Margaret Hodge
Margaret Hodge has been one of the fiercest critics of tax avoidance schemes Reuters

The former head of parliament's public accounts committee - and a fierce critic of tax avoidance and "secretive" offshore funds - has received more than £1.5m in shares from the tax haven of Liechtenstein, according to a report.

The money came through a controversial scheme that lets wealthy Britons move undeclared assets back to the UK without facing criminal action.

Labour's Margaret Hodge was, according to The Times, among the beneficiaries in 2011 of the winding-up of a Liechtenstein trust that held shares in the private steel-trading business set up by her father.

The Times reports that just under 96,000 Stemcor shares handed to Hodge in 2011 came from the tiny principality, which is renowned for low tax rates. Three quarters of the shares in the family's Liechtenstein trust had previously been held in Panama, which Ms Hodge described last month as "one of the most secretive jurisdictions" with "the least protection anywhere in the world against money laundering".

The shares were transferred onshore using the Liechtenstein Disclosure Facility (LDF), a tax deal signed between Britain and the principality to allow thousands of wealthy individuals to move billions of pounds back to Britain in return for paying the tax owed and a penalty.

Last month. Hodge's committee raised doubts over the LDF. The MPs questioned whether it "struck the right balance between prosecuting tax evaders and allowing them to settle their affairs".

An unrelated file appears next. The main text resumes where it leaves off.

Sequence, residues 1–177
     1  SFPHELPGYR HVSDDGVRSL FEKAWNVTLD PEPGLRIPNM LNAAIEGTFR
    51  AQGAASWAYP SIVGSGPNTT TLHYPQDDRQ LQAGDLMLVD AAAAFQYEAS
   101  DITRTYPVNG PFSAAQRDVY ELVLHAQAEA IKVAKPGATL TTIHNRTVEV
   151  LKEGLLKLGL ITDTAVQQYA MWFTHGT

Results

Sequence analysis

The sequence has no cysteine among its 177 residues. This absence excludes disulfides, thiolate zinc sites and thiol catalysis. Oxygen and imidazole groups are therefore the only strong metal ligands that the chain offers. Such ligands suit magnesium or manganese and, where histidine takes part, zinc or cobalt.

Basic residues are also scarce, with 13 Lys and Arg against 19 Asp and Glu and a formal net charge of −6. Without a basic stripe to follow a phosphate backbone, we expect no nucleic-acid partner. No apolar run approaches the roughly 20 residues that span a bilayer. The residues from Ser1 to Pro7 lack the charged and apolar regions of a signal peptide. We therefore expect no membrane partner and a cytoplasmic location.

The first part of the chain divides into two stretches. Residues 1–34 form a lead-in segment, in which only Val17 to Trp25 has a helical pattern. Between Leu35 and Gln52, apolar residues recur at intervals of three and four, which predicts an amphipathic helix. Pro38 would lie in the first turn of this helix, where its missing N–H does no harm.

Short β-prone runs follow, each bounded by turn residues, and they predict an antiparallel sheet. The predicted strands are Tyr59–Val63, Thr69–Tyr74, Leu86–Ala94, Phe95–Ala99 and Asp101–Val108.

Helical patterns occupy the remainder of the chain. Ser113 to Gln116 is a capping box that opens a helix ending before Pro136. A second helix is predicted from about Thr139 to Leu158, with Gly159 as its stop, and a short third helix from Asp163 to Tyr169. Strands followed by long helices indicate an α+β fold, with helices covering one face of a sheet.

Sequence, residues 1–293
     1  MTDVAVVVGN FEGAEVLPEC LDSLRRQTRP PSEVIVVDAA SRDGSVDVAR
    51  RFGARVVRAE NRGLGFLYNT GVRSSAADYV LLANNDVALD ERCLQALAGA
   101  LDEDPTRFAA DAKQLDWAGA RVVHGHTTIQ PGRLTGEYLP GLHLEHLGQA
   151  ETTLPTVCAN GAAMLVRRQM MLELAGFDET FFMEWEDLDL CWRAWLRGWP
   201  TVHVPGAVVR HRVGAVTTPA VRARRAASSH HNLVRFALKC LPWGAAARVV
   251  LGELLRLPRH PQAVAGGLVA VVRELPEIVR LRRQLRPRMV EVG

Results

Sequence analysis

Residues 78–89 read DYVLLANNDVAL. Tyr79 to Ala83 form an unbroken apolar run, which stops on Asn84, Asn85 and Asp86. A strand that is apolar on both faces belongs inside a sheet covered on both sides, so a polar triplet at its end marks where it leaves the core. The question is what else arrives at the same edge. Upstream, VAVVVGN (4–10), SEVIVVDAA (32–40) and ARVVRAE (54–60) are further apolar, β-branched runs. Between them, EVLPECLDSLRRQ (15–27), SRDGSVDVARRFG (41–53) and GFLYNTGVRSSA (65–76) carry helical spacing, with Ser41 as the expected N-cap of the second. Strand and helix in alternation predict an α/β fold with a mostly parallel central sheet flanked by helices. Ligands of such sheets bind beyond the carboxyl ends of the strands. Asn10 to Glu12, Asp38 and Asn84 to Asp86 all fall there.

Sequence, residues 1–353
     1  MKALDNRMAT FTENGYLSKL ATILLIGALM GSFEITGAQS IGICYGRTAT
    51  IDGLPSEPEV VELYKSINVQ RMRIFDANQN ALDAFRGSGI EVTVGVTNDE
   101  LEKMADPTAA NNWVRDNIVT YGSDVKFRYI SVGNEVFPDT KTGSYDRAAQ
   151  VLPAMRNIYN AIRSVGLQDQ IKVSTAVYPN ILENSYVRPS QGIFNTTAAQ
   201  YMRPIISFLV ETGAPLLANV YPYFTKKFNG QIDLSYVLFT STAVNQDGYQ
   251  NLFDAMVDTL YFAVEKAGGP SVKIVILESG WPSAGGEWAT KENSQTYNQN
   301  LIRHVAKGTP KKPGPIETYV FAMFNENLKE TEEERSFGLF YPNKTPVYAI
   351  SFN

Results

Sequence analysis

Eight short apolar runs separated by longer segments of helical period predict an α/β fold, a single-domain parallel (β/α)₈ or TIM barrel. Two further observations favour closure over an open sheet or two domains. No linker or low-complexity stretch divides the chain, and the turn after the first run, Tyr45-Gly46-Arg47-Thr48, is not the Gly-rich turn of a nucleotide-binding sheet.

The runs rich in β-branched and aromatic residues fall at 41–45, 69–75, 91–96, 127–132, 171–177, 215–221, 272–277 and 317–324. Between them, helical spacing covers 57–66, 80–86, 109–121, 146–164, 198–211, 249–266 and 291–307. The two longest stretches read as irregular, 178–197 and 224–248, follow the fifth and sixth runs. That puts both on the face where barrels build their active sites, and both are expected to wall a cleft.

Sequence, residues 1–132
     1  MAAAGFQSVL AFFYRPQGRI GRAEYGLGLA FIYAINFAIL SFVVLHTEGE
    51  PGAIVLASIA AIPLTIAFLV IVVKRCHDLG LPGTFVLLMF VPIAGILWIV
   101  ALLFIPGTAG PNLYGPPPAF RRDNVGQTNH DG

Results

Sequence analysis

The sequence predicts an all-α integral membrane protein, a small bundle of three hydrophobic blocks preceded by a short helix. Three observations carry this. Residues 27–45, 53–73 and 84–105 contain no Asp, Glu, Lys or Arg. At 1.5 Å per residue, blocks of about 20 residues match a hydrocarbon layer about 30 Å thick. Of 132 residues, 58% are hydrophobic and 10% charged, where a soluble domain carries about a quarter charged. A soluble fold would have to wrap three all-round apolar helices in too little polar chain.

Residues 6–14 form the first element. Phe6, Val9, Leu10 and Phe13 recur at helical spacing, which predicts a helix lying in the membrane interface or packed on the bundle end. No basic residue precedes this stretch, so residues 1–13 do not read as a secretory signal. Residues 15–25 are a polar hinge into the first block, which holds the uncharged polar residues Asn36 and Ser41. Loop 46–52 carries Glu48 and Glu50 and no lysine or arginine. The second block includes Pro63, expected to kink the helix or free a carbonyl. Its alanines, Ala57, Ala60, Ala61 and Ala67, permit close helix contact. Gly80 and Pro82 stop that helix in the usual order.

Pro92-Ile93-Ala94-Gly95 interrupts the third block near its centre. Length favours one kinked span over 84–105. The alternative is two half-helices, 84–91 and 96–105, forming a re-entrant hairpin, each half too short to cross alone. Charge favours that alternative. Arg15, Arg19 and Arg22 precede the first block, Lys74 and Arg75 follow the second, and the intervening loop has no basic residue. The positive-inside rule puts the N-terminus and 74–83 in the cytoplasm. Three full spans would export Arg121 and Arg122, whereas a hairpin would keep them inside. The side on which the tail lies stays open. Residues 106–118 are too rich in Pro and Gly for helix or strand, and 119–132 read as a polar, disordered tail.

A report by the committee said: "We are concerned that the current system still causes the odds to be stacked in favour of tax evaders using offshore accounts when the worst that will happen if they are caught is that they will pay the tax they owe and a fine."

Nigel Mills, the Conservative candidate for Amber Valley, told The Times: "To criticise that disclosure process while using it yourself appears hypocritical. Any reader of the committee's report would want to know that someone involved in preparing it had used [the process] themselves. It would seem there are questions to answer here."

Philip Davies, the Conservative candidate for Shipley, added: "It is the sheer hypocrisy that we have become used to from Labour politicians."

Ms Hodge, Labour's candidate for Barking and Dagenham in east London, denied she had a "role in setting it [LSF] up or running it, and was not a beneficiary of the foundation until 2011, when the shares were brought onshore via the Liechtenstein Disclosure Facility, ending the structure my relatives created. At that point I then inherited additional UK shares in Stemcor. I was of course aware of this transfer and the increase in my shareholding.

"As a shareholder I have on a number of occasions sought and received assurances from the executive that the company always paid the appropriate tax. All I could do as a shareholder in a company not run by me, and over which I had no influence or control, was to ensure that any shares I held were above board and that I paid all relevant taxes in full. Every time I received any benefit from the company this happened."